film and video artist from Brazil
1. Tell me something about your life and the educational background
I was born in 1976, Brazil. I live and work in São Paulo. I’m graduated in Film by the University of São Paulo in 2000, and I have done especialization courses in directing at the UCLA (Los Angeles, US) in 2002.
2. When, how and why started you filming?
During my studies, I directed a few shorts, but I really started to develop my own work in 2003. Since my teen years I knew that filmmaking was my call; however, after working as assistant director for feature films I decided that what I really wanted was to experiment with film language and migrated for video art. Later I also started to make installations and performances.
3. What kind of subjects have your films?
I’m concerned with examining the connections between the camera, subject, author and viewer. I’m interested in issues such as the construction of identity, communication and voyeurism. I also investigate how the relationship between our body and the surrounding world (ie. nature or urban settings and culture) shapes our identity.
4. How do you develop your films, do you follow certain principles, styles etc?
In general, I could say that my artistic process include having an idea, finding out the essence of it, researching about the themes and/or techniques involved, then writing a shooting script – not a screenplay per se, but a script of the things I want to shoot, a kind of blue print to guide me, but at the shooting itself I always keep an open mind and improvise a lot.
The editing is actually the most creative part, in which the film really takes form. I experiment a lot, but always having in mind the essence of what I want to convey or express with the work. I do my best not to get impressed by easy effects, because there are so many available. I also avoid following stylistic tricks and trends. I try to find the right tone, rhythm and look for that particular piece I’m working on. And then comes the difficult task of knowing when it’s ready, when to stop and say: “that’s it, that’s the best I can do right now”.
5. Tell me something about the technical equipment you use.
I have worked with all kinds of technical equipment – from the crudest device to the most advanced one. It really depends of the project I am working on. Some pieces demand a camera that has manual controls and great lenses. Others need a camera that is small and handy. So it’s a matter of choosing the right equipment for each especific case.
The process of making a video also changes drastically depending of which equipement you’re using, as well as the budgeting. Some cameras require a crew to work with – focus puller, camera assistant, director of photography – and more lighting equipment, hence making the project more expensive. I have to take all this into account.
Currently, I have the following options available: a digital photo camera (Canon G9), a HD handycam camera (Canon Vixia HF100) and a digital cinema camera that generates 4K images and uses 35mm lenses (RED One). I ocasionally use a MiniDV camera (Panasonic DVX100) or a DVCPRO camera (Panasonic HVX200).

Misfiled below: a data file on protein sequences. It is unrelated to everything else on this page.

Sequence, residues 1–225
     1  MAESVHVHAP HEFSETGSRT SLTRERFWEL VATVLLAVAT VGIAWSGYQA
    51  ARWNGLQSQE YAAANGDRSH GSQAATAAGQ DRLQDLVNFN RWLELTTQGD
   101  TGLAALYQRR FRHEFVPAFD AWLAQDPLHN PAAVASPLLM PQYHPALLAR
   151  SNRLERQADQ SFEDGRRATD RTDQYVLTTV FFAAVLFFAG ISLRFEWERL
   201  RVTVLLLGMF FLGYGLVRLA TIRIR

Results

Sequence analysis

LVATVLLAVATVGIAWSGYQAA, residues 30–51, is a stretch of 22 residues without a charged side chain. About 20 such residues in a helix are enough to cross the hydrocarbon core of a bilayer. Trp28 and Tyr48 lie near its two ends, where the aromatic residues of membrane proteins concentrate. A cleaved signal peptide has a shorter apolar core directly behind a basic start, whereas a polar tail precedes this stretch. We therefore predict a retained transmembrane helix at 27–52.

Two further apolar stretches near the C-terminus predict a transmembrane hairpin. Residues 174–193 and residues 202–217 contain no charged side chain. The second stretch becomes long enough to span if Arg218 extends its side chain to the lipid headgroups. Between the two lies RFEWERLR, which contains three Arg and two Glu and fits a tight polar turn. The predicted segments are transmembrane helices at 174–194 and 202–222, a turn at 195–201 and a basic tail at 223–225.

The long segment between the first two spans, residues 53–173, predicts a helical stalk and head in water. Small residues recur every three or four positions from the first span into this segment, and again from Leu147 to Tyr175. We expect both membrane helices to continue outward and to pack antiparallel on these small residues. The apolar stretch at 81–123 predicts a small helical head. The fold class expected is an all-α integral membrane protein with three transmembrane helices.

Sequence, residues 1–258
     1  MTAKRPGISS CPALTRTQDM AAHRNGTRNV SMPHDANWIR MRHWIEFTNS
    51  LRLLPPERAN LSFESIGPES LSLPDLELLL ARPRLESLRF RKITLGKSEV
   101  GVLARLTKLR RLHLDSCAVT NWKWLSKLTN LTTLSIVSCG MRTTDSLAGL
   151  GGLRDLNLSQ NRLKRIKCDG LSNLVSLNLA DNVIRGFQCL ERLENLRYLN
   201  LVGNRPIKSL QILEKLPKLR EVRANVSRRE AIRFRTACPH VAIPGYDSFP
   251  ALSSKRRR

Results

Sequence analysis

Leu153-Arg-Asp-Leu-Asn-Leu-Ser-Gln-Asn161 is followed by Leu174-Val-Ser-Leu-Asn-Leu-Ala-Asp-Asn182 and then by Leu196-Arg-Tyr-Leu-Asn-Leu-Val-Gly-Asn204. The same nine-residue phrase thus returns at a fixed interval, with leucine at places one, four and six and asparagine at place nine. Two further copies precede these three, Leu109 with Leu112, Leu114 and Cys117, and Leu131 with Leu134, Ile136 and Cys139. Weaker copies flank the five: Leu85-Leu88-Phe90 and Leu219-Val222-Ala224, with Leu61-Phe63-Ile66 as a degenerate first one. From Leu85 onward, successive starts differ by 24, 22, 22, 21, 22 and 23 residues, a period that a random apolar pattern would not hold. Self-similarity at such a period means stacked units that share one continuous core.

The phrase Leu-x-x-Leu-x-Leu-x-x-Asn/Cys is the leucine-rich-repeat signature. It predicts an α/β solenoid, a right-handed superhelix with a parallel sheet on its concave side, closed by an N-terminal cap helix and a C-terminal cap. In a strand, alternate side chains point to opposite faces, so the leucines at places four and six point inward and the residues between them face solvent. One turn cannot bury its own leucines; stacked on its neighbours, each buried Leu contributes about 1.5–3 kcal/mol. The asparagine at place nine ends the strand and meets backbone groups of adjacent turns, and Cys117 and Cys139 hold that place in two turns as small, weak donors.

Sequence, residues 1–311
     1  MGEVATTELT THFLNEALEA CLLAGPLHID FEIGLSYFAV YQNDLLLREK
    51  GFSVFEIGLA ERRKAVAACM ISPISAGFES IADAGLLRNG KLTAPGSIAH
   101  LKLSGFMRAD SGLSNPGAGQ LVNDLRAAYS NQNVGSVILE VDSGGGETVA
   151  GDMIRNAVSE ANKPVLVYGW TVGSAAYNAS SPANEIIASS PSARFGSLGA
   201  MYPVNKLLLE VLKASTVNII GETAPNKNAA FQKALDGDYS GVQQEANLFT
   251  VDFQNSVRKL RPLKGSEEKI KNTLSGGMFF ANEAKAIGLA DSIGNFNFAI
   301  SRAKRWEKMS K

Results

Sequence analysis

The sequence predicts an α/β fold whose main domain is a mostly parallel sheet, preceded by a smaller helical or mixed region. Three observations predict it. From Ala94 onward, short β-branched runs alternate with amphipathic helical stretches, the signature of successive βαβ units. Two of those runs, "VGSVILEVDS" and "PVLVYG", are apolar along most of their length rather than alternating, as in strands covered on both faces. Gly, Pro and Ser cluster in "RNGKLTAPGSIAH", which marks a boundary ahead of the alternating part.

Concerning editing softwares, I’ve used Sony Vegas for many years, but I switched to Final Cut Pro in 2007. I have also used Adobe Premiere and Avid in a few projects.
6. What are the chances of new media for the genre film/video in general
and you personally?
I don’t really understand this question…
7. How do you finance your films?
I either get grants or commissions, or I work independently using my own resources.
8. Do you work individually as a video artist/film maker or do you work in a team?
if you have experience in both, what is the difference, what do you prefer?
I have experience in both. I have some recurrent collaborators – the director of photography (and husband) Ching C. Wang, the music composer Thierry Gauthier, and the dancer Letícia Sekito – and other not so frequent partnerships.
I love working in a team, because this dynamic is creatively estimulating for me. If I know the collaborators very well, it’s even better; I believe the working process becomes more fluid.
9. Who or what has a lasting influence on your film/video making?
Ingmar Bergman, Wong Kar-Wai, David Lynch, Jean Luc Godard, P.T. Anderson, David Cronemberg, Peter Greenaway, Bill Viola, Chris Cunningham, Andy Wharhol, Tarkovsky and Kurosawa are some of the artists/filmmakers that influenced me. Traveling, people and art in general are infinite sources of inspiration for me as well.
10. What are your future plans or dreams as a film/video maker?
I just want to be able to make my work more easily – meaning getting grants and awards steadlier. I spend more time developing projects and applying them to grants than actually making them!
Can works of yours viewed online besides on VideoChannel? Where? List some links & resources
Yes. Most of my single-channel videos are available online.